The heart can stably maintain blood flow—at rest or under stress—over a lifetime. Using a mouse model, an LMU team has now uncovered the role played by a specific class of ion channels in controlling the heart rate.
Over the course of an average lifetime, the human heart generates on the order of three billion beats—without interruption and with remarkable precision. This feature is made possible by a comparatively small region that lies within the right ventricle and is known as the sinoatrial node. It can be thought of as the pendulum that keeps the heart ticking.
It is now known that the sinoatrial node is made up of a group of specialized heart muscle cells. Together, these ‘myocytes’ generate the electrical oscillations that regulate the rhythmical contractions of the heart. In healthy adults, the heartbeat varies in frequency between 60 and 80 cycles per minute.
Under appropriate conditions, an isolated heart will continue to beat at a constant rate. “In the body, of course, the heartrate must be regulated in accordance with the activities of its host,” says Dr. Stefanie Fenske, leader of an independent research group at the Institute of Pharmacology (Director: Prof. Dr. Martin Biel) in the Department of Pharmacy at LMU Munich. “This task is carried out by the autonomic nervous system, which is composed of two subsystems known as the sympathetic and parasympathetic branches,” she adds. In addition to acting upon many other physiological systems, they provide the innervation that controls the activity of sinoatrial node of the heart.
How then does this regulation of the heart rate work? For decades, researchers have suspected that specialized ion channels in the cells of the sinoatrial node are involved in the process. Ion channels are proteins that are embedded in biological membranes and regulate the passage of electrically charged atoms across them. These proteins therefore play an indispensable role in the generation of nerve impulses and muscle contractions. The ion channels thought to control the heartbeat are called ‘hyperpolarization-activated cyclic nucleotide-gated cation channels’ – or ‘HCN channels’ for short. The cells of the sinoatrial node possess three subtypes of these channels HCN1, HCN2 and HCN4. As the name implies, HCN channels are activated by a change in the voltage across the cell membrane (hyperpolarization) and a signal molecule called cyclic adenosine monophosphate (cAMP, a cyclic nucleotide), which is synthesized in the cells of the sinoatrial node in response to input from the sympathetic nervous system, increases their activity. According to the conventional theory, when cAMP acts upon the HCN4 channel, the result is an increase in the heart rate.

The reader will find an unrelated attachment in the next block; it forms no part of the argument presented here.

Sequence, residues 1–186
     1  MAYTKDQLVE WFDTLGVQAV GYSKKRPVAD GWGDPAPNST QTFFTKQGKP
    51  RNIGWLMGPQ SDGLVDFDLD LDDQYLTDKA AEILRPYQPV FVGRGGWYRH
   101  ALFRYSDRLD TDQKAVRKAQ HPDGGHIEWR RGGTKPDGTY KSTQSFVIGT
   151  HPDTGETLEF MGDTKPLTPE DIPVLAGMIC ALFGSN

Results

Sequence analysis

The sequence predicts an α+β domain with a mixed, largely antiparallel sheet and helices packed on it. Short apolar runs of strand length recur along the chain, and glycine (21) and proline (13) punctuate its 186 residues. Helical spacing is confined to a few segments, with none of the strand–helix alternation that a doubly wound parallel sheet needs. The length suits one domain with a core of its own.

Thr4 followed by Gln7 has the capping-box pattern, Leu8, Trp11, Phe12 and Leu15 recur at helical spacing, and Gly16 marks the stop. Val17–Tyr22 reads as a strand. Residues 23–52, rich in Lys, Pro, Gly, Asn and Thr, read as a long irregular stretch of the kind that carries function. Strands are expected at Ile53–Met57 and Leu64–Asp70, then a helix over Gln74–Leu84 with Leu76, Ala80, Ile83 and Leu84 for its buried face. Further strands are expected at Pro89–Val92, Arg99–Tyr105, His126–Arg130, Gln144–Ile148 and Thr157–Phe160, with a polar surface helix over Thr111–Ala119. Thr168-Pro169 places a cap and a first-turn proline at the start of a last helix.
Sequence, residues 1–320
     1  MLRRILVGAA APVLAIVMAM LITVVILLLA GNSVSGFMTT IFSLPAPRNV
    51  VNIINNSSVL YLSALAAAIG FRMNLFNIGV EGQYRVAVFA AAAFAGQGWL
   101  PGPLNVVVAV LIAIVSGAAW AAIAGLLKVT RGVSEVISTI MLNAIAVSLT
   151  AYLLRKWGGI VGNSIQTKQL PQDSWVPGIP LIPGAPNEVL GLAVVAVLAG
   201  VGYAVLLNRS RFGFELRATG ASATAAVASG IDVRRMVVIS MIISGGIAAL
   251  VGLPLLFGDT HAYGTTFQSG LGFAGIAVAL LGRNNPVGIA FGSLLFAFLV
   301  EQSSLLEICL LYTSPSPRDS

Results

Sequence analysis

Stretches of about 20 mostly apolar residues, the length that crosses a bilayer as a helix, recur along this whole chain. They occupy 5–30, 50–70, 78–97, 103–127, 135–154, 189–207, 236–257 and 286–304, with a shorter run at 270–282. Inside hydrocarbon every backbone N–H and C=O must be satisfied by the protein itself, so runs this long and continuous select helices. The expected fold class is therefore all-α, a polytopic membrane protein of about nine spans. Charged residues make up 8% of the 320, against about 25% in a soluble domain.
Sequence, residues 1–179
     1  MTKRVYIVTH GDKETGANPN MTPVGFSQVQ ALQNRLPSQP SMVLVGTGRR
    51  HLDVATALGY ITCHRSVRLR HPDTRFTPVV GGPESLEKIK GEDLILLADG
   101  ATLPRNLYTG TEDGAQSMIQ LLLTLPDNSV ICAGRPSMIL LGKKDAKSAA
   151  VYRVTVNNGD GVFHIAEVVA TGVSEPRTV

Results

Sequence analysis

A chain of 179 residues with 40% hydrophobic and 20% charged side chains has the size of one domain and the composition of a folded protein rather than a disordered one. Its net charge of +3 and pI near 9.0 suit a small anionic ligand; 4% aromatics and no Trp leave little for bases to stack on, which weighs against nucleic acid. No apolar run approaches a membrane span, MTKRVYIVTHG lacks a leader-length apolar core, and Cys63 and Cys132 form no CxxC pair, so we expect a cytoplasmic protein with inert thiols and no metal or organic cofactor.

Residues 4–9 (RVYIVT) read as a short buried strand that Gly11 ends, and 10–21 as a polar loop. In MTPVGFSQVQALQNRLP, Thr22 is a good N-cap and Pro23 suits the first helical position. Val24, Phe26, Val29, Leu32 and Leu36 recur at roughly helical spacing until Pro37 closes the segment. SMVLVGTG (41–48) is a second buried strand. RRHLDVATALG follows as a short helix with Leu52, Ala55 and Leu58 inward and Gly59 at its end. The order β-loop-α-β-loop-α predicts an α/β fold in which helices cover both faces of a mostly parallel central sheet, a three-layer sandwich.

Although this model of the role of HCN channels seems plausible, it has proven difficult to verify in biological systems, and experiments in different model systems have provided conflicting results. Studies using genetically mutated HCN channels which are linked to defects in heart function in humans had also failed to clarify the issue.
A new mouse model
“To shed further light on the problem, Martin Biel’s group developed a new genetic mouse model. In this mouse strain, the HCN4 channel no longer responds to input from the autonomic nervous system,” Fenske explains. More specifically, the gene that codes for the HCN4 channel was mutated in such a way that the ion channel is unable to bind cAMP. The mutant mice were found to exhibit cardiac arrhythmias, characterized by the heart rate being too lowand additionally the heartbeat was very irregular. These symptoms are typical of the condition known as the ‘sick sinus syndrome’ in humans. However, in spite of these pathologies, the mutant mice were still capable of regulating the heart’s contraction rate, in spite of the fact that their HCN4 channels are unable to bind cAMP.
“So the hypothesis presented in every physiology and pharmacology textbook in relation to the significance of this ion channel in the regulation of the heartrate is incorrect,” Fenske concludes. “What then is the real function of this channel in the heart?” Her experiments showed that HCN4 stabilizes the heart rhythm by dampening overshooting reactions to the activity of the sympathetic and parasympathetic systems—an eminently important task. By monitoring the electrical activity of single cells in the sinoatrial node, Fenske and colleagues discovered that they often remain inactive for periods of up to a minute, and that this property makes a significant contribution to the regulation of the heart rate. In these studies, the team in Munich has cooperated closely with the research group led by Prof. Dr. Christian Wahl-Schott’s at the Medical University of Hannover, who provided important tools and expertise for the analysis of the mouse model system.
These new insights are of significance beyond the sphere of basic research, and will have an impact on future therapies. “Our ultimate goal is to understand the mechanisms that account for the various forms of cardiac arrhythmias,” says Fenske. “Drugs that bind to HCN channels are already available, and our study makes an important contribution to targeted efforts to develop these substances further.” In the next step in this direction, she plans to investigate whether other as yet unknown functions of the various HCN channels in the heart have yet to be discovered.